Instead Keidan looks further east.

“Everybody else is so far away [from Amazon’s level.] But I see Tencent or Alibaba, especially if you include Tencent’s music and services — all of the corollary businesses that are completely spun out,” Keidan added. “I think to win in that sort of environment, it’s much more than pure-play retail. It’s owning the relationship with the consumer, and it’s owning all their data and being able to touch consumers in many different ways. That’s what Tencent and Alibaba are doing.”

The tactic seems hardwired into the top tech companies’ DNA.

Apple has been pushing its machine learning development, bringing it more into services that aim to make its iOS devices and watches more helpful and fun to use — building a multifaceted relationship with users that grows stronger with each new purchase.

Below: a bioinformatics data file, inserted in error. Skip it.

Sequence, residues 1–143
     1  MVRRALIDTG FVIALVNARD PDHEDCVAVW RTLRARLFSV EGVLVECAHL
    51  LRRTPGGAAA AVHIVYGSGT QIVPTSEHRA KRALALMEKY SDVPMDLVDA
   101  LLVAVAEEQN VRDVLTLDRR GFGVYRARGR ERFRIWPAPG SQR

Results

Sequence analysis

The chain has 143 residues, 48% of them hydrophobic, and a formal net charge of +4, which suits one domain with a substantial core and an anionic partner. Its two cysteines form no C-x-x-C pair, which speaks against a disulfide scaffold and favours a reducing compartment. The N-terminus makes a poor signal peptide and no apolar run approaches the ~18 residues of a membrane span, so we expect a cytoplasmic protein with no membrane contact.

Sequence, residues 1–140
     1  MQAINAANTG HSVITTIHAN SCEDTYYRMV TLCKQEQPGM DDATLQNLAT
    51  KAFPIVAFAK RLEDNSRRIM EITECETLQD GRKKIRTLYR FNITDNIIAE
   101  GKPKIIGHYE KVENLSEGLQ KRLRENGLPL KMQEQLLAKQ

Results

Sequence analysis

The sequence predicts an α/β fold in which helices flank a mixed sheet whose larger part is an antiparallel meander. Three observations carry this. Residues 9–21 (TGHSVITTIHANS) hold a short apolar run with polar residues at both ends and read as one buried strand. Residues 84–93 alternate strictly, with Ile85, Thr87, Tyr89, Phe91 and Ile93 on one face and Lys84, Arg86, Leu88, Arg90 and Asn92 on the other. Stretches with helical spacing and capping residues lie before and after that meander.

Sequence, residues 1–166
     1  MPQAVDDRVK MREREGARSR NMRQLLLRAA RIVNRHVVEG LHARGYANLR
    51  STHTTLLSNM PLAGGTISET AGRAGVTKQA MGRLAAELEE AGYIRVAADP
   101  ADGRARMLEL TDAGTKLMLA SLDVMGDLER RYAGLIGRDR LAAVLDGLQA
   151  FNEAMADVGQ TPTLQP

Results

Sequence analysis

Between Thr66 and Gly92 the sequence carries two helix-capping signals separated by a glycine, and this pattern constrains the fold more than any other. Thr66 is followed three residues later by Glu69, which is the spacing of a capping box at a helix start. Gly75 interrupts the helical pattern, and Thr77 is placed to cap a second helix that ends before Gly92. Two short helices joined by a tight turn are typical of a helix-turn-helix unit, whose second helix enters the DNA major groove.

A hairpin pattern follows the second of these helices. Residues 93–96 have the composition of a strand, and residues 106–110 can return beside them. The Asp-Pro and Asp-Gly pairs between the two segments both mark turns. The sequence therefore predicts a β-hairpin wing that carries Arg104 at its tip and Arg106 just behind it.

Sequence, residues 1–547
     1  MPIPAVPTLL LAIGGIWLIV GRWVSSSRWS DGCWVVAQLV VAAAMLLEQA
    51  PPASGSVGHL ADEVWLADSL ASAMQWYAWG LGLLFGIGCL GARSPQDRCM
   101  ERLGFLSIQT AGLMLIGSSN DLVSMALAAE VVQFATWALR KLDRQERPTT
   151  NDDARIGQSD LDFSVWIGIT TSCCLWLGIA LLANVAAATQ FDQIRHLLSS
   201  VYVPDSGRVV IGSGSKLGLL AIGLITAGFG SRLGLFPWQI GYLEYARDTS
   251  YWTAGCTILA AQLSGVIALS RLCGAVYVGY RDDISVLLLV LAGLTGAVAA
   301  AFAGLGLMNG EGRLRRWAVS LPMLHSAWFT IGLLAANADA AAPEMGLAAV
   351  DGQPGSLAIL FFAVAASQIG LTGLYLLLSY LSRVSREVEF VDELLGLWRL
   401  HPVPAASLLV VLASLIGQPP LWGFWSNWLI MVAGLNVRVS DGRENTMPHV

The connections only work, though, because Apple knows its customers very, very well. It knows what they want and, perhaps more importantly, what they don’t want or won’t tolerate. And the company holds that understanding of consumer experience as its most precious asset.

In a recent memo to 120,000 employees, Cook said Apple’s $1 trillion market cap was “not the most important measure” of its success. He pointed to his predecessor’s vision and his focus on products, users and company values:

“Steve founded Apple on the belief that the power of human creativity can solve even the biggest challenges — and that the people who are crazy enough to think they can change the world are the ones who do,” Cook wrote. “In today’s world, our mission is more important than ever. Our products not only create moments of surprise and delight, they empower people all around the globe to enrich their lives and the lives of others.”

If that is Apple’s genuine modus operandi, then it’s the sort of integrity and insight that distinguishes industry titans from everyone else — whether in tech or retail.